Figure 2: The witch-bottles were used as a means of defense against witchcraft. Photograph from Kerry Sullivan.

The widespread presence of these items displays the extensive effects of folklore and witchcraft. The eagerness of families to practice counter magic reveals the panic of these people, desperate to protect themselves from any harm at a time of great tension in society.

Further Reading:

The Discovery of the Site Where the Executions Took Place:

The Connection Between the Salem Witch Trials, Witch Hunts, and the Red Scare:


Baker, Emerson W.

2015  A Story of Witchcraft: The Salem Trials and the American Experience. Oxford University Press, New York

Drake, Frederick C.

1968  Witchcraft in the American Colonies, 1647-62. American Quarterly. 20(4): 694-725

Hoggard, Brian

2004  The archaeology of counter-witchcraft and popular magic. In Beyond the Witch Trials, edited by Owen Davies and Willem de Blecourt, pp. 167-186. University of Manchester Press, Manchester


Figure 1:

Figure 2:

The Salem Witch Trials: A case of mass hysteria

Between February 1692 and May 1693 in current day Massachusetts, more than 200 people were accused of witchcraft. Of them, thirty were found guilty, and nineteen of whom were executed. This period of witch trials later came to be known as the Salem witch trials, named after the town of Salem and Salem Village (present-day Danvers).

Salem Village was known for its divided population with many internal disputes about property lines, grazing rights, and church privileges. After a series of short-term ministers, Samuel Parris became the first ordained minister of Salem Village in 1689. He was not successful in solving conflicts in the village; rather he contributed to the dissonance by making well-known church members suffer public penance due to their small mistakes. This only created more division among the people. According to Historian Marion Starkey, serious conflict was inevitable in this tense environment (1949).

A map of Salem Village, 1692

In February 1692, Reverend Parris’ daughter Elizabeth, age 9, and niece, Abigail Williams, age 11, started having “fits” (Hale 1697). They would shriek, make weird sounds, crawl under furniture, and convulse into strange positions. These “fits” were considered to be supernatural in origin, and members of the community were accused of consorting with the devil and afflicting the young children through witchcraft (Lawson 1692). With the seeds of paranoia planted, more accusations arose, and more people were arrested. By the end of the month of May, a total of 62 individuals were in custody (Roach 2002).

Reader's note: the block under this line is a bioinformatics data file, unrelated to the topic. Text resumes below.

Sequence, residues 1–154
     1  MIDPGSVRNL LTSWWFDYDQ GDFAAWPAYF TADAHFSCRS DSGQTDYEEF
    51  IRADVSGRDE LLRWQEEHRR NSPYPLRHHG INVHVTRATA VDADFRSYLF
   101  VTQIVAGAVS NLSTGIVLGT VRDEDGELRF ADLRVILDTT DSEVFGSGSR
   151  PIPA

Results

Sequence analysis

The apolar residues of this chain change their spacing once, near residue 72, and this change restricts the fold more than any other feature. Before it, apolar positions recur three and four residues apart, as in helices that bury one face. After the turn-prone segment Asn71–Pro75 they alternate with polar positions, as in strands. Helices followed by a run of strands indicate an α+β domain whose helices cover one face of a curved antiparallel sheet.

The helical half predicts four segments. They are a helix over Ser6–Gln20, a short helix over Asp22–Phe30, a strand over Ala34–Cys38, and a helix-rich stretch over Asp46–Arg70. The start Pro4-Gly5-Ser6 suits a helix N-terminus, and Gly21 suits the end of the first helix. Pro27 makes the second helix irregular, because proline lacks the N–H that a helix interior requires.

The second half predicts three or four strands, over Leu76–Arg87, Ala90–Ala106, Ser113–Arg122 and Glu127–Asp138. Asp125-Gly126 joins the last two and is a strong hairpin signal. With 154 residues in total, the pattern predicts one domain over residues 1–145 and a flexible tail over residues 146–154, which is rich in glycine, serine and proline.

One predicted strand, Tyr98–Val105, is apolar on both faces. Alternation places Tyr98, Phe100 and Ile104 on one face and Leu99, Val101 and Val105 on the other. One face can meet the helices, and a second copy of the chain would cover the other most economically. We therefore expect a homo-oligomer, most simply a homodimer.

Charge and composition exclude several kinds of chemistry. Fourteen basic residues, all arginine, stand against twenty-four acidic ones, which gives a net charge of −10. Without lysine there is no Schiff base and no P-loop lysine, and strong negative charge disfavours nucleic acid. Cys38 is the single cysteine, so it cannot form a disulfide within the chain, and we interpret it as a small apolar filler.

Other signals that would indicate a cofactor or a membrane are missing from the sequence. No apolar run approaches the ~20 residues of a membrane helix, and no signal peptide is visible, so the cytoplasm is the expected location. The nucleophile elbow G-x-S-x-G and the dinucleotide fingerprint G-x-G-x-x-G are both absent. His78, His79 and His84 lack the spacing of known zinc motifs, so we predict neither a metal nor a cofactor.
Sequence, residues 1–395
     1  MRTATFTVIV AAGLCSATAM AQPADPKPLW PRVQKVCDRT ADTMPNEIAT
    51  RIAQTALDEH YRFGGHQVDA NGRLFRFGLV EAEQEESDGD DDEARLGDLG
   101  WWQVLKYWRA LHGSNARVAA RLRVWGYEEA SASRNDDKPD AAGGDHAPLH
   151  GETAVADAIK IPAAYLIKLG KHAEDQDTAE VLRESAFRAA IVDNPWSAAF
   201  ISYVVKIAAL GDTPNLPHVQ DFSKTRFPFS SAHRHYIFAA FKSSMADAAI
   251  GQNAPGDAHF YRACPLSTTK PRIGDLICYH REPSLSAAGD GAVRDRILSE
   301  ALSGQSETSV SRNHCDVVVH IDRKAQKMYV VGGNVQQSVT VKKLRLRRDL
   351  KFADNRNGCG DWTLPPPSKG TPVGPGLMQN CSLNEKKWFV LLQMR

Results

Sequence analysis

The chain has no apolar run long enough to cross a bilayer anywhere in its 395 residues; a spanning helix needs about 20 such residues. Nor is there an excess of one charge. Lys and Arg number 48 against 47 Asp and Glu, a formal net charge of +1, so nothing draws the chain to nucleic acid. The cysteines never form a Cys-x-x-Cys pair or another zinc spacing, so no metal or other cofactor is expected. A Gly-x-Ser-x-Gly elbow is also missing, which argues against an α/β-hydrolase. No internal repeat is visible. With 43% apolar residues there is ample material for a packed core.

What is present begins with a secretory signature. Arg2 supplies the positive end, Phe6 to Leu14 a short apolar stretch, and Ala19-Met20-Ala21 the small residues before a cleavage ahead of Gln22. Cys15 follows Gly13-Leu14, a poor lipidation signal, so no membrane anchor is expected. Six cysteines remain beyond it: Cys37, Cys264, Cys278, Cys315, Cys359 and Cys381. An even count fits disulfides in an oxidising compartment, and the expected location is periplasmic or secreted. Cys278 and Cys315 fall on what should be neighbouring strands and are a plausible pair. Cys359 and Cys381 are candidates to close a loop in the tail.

Illustration of the Salem witch trials, depicting Mary Walcott, one of the afflicted victims

On June 2, 1962, the Court of Oyer and Terminer (to hear and decide) was established to handle the large number of people in jail for witchcraft. These trials relied heavily on spectral evidence, or testimony based on dreams or apparitions seen by the afflicted. The “touch test” was also used to determine guilt or innocence. The accused witch was told to touch a victim having a fit, and if the victim stopped having a fit, the accused was believed to have afflicted the victim (Boyer & Nissenbaum 1972). Other evidence included confessions made by accused witches, and testimony by a guilty witch who pointed out others as witches. In January 1693, the new Superior Court of Judicature convened, and those who had been accused of witchcraft, but not yet tried, went on trial. The series of trials and executions finally ended in May 1693.

The Salem witch trials are an infamous case of mass hysteria; they are an example of the consequences of religious extremism, false allegations, and lapses in the due legal processes. These trials had a lasting effect on people’s attitude towards separation of state and church, as historian George Lincoln Burr said, “the Salem witchcraft was the rock on which the theocracy shattered” (1914:197). The Salem witch trials left a lesson for the future, a caution for the outcome of unbridled religious fanaticism and over enthusiasm about the supernatural.